Simple questions, complex issues

February 8, 2012

I think one of the biggest problems I see with people being arrested for almost anything is that while they know the Miranda Rights, they often do not know where the line between consent and probable cause lies.  Police officers are trained to say and ask things in such a way to either get consent or develop probable cause. 

Can you tell the difference between these questions?  Do you know what rights you are giving up by answering them?

1.  "Okay, if I look in your car?" vs. "You don't mind me searching through your car do ya?"

2.  "Step out here and talk to me, would ya?"  vs. "Why don't you step on out here for a minute?"

3.  "You don't have anything like guns, bullets, gunpowder, or large amounts of money on you do you?" vs. "You don't have anything illegal in your car like guns, hand grenades, large amounts of money or anything do ya?" 

Each of these three sets of questions are taken from real life cases.  Let's look at the differences and what the courts have held each of these sentences to mean.

1.  When looking at consent issues courts look at what a reasonable person would believe they were consenting to at the time consent was granted.  The first question has been found to mean that an officer can search the interior of a car, but no packages, locked compartments, or baggage.  The second question has been interpreted to be a consent to search a car, including the trunk.  The two key words are "look vs. searching" and "in vs. through". 

2.  An officer has the right to control the movements of a motorist he has stopped.  He can have you step out of your car, sit in his, stand on the side of the road, etc.  But, when looking at when an arrest has taken place, the more control the officer has exerted over you, the more likely the court will find you have been arrested.  In the first sentence the officer is well within his rights to order you to step out.  But, in the second he requested you to step out.  By requesting you to step out he has made your act of leaving your vehicle voluntary and consensual on your part.  Thus, it becomes harder for you to argue later in court that he was exercising more control over you than what would be normally expected.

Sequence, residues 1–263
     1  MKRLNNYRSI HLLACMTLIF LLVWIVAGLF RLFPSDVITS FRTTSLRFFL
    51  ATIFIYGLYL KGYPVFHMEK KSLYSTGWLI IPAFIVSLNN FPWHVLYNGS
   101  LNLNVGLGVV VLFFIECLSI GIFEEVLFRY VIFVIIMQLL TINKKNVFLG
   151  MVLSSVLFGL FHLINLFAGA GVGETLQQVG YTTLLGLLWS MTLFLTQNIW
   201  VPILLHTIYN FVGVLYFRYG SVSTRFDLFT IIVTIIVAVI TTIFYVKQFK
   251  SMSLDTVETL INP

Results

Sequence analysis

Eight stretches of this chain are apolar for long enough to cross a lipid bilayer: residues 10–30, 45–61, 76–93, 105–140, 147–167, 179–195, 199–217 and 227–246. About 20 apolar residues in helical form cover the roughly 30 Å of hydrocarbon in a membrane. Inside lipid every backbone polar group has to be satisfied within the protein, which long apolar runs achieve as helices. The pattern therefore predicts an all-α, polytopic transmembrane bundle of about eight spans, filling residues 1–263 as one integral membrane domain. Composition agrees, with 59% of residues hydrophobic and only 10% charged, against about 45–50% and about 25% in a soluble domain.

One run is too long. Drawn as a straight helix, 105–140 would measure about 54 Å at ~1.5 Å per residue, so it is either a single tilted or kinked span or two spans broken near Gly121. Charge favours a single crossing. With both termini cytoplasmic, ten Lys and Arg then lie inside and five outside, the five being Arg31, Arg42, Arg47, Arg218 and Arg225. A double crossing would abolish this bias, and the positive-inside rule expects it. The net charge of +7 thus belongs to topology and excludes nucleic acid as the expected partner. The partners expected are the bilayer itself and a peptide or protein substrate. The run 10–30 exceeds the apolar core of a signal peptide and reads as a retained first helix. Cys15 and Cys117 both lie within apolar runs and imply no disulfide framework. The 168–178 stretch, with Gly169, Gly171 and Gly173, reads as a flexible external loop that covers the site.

3.  The officers in both of these sentences are laying the foundation for a search of your vehicle.  Regardless of what you answer to this question, the next question the officer is going to ask is, "You don't mind me searching through your car real quick then, just to make sure, do you?"  But the scope of the search in each of these sentences is going to be different.  Police are allowed to search where ever what they have permission to search for may be found.

In the first sentence he asked if you had gunpowder and bullets.  Gunpowder is tiny and can be found anywhere.  You may have just literally given the police permission to vacuum your car and send the contents to the FBI for analysis.  You also gave permission to search for bullets.  Bullets may be found in the cracks between the carpet and floorboard, in pockets, glove boxes, and any number of other small places.  By answering the first question, you may have just set yourself up to have your vehicle torn apart.

The second question is going to restrict the search to places where these larger items may be found.  This will serve to narrow the scope of this search, but the officer included money in this question.  Thus, he is going to be able to look for large amounts of money - which is what they are looking for more and more nowadays.

Did you notice anything else about the third set of questions?  Is there anything that strikes you as unusual with both of these questions?  Tell us in the comments.  I will reveal it in an upcoming post.